Luo Dan’s series can be said to depict a vivid social portrait of contemporary China, from which we can see the various facets of society during the intense process of social transformation, as well as the human psychological states. The author once joked with Luo Dan that in the series before and after, the number of people in the pictures seems to be gradually decreasing, from people of all shapes and colors from all over the country to characters concentrated in a village, and then to seemingly completely empty landscapes. However, people have never been absent from his pictures. Luo Dan once said that his photography “must capture people.” In these series, the artist developed from direct representation and recording of people and their lives to being attracted by the spirit and beliefs of a group of people, and then to observing people from a critical and compassionate perspective in a larger and more desolate nature. And more importantly, there is a special person in these works, a person who is constantly searching, and that is the artist himself. Just as Kerouac self-proclaimed in “On the Road,” “Actually, we were two Catholic wanderers roaming the American earth, seeking God. And we found him.” Luo Dan said, “I am not trying to portray how the real world is, but to discover and verify various signs belonging to my own heart in the reality.”

In an article written several years ago, the author referred to the travel photography of Luo Dan as a “pilgrimage”. In fact, since Luo Dan set foot on the 318 National Highway, a group of young artists have also embarked on their own journeys, taking photographs along the coastline, Yellow River, Yangtze River, and Great Wall, forming a very rich and active period of Chinese documentary photography. The author mentioned in the article that “all the physical hardships, inner loneliness, and introspection faced by (ancient) pilgrims ultimately aim to explore the relationship between oneself and the Creator.” In today’s China, most people “no longer have religious, revolutionary, or other lofty ideals to establish connections between individuals and larger communities.” However, “people always seem to be caught up in something in order to find their own place,” and the process of photography during travel is where the photographer explores and establishes their relationship with the outside world.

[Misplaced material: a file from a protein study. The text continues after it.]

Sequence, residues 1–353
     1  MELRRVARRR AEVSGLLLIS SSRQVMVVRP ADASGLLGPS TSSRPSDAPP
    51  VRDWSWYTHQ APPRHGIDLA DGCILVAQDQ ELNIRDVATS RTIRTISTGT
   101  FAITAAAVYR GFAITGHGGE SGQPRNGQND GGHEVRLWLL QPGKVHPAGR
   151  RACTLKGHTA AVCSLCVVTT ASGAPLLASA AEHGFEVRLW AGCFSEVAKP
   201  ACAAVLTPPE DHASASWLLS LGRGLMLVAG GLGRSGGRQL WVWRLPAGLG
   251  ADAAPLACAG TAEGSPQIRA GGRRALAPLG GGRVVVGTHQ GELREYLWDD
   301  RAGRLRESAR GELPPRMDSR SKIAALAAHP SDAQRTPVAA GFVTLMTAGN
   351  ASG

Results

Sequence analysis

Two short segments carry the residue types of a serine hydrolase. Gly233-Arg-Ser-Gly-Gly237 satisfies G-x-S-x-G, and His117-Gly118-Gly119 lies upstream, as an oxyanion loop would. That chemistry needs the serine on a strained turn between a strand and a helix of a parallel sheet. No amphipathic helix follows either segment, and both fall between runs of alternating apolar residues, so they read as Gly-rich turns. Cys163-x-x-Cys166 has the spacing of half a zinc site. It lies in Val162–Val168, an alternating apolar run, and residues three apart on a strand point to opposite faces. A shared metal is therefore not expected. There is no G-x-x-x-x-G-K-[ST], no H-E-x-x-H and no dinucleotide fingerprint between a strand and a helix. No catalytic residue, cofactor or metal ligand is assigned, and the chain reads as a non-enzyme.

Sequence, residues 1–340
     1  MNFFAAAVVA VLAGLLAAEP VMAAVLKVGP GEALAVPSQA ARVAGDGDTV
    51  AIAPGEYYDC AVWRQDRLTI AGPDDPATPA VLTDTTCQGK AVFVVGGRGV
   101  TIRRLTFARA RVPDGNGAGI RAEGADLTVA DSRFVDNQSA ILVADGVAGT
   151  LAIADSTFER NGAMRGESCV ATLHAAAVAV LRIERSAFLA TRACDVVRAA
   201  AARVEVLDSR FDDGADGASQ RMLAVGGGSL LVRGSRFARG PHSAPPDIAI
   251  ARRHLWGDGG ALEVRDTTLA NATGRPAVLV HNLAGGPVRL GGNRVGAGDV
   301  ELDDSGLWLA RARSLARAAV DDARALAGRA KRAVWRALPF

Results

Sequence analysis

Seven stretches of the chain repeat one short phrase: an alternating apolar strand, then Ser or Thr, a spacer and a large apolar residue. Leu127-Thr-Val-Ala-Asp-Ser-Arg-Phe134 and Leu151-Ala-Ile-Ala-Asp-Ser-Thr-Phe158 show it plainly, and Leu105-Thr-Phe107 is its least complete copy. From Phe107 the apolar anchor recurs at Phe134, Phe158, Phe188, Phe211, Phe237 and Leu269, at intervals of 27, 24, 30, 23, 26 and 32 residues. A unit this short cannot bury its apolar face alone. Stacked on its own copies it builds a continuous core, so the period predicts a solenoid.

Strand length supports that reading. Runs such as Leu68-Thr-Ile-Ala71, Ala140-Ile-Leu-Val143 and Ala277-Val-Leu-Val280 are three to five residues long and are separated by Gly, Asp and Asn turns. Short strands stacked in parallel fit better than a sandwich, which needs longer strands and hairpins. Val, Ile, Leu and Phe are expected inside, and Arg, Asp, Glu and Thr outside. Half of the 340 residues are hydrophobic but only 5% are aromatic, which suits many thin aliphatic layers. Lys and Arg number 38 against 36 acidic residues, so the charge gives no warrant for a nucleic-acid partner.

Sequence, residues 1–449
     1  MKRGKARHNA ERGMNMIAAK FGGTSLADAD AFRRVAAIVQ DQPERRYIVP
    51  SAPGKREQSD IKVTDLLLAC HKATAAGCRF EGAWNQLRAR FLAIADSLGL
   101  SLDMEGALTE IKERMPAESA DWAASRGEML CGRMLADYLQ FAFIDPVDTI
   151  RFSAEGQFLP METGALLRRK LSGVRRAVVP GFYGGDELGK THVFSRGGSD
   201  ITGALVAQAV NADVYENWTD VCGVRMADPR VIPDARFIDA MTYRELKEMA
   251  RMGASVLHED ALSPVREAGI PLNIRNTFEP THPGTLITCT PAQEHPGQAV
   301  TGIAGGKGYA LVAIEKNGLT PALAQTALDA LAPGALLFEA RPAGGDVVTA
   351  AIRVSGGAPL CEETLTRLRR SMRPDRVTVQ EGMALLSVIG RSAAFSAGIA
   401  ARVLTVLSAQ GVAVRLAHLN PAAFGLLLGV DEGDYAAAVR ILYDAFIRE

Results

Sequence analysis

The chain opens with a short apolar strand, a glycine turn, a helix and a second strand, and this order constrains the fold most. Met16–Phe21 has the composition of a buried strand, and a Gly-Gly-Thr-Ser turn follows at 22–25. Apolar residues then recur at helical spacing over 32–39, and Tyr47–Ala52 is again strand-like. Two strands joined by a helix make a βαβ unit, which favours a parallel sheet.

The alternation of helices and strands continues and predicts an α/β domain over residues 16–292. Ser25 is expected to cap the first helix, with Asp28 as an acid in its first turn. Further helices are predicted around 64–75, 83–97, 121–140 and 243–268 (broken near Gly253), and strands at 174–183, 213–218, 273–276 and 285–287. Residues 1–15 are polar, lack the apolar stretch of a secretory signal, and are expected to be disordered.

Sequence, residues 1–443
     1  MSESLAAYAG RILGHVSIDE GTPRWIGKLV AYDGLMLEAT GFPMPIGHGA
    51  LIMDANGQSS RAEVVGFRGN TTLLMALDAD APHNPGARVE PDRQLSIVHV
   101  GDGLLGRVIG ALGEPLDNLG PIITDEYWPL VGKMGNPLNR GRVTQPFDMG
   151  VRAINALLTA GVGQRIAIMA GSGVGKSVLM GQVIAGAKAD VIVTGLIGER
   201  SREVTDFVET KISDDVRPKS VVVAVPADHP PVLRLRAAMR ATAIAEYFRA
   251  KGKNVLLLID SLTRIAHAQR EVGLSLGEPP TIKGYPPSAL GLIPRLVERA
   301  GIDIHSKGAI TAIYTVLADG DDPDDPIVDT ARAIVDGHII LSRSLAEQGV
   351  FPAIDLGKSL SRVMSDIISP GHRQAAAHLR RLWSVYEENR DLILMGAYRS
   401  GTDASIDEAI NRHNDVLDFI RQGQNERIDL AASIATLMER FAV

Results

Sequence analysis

Gu Zheng defined the social function of documentary photography as a “visual style that recognizes the social reality” and a “cultural critique device.” For Luo Dan, as an individual artist, his photography practice also includes the pursuit of feelings commonly found in artistic creation. He said, “A friend once suggested that I could use forms of sociological research, such as image files. I felt a bit limited, what I wanted was personal experience.” But the experience and feelings that Luo Dan referred to are not a closed, self-contained existence. They are a kind of internal and external resonance in the process of travel. Photography is also like this – it is both an outward gaze and a mutual projection of internal and external aspects. Luo Dan’s travel photography is not only a way to observe and experience the surrounding real world from the inside, but also a way to solve internal problems by seeking external help, enriching his own inner world with the outside world, and achieving empathy, connection, and identity with objects. He has shifted from quick travel photography to quiet observation, even experiencing a lonely pilgrimage like a practitioner. Peter said, ” Save yourselves from this corrupt generation.” Luo Dan drew that big cross with practical actions, realizing his life in action.

By Shi Hantao

In Search of It
Artist: Luo Dan
Curator: Shi Hantao
Opening Time: 22 Apr, 2023 15:00-18:30
Duration: 22 Apr – 30 Jun, 2023 (Tuesday-Saturday 10:30-18:30)
Venue: 1F, Block 2, No.50 Moganshan Rd, Shanghai, M ART CENTER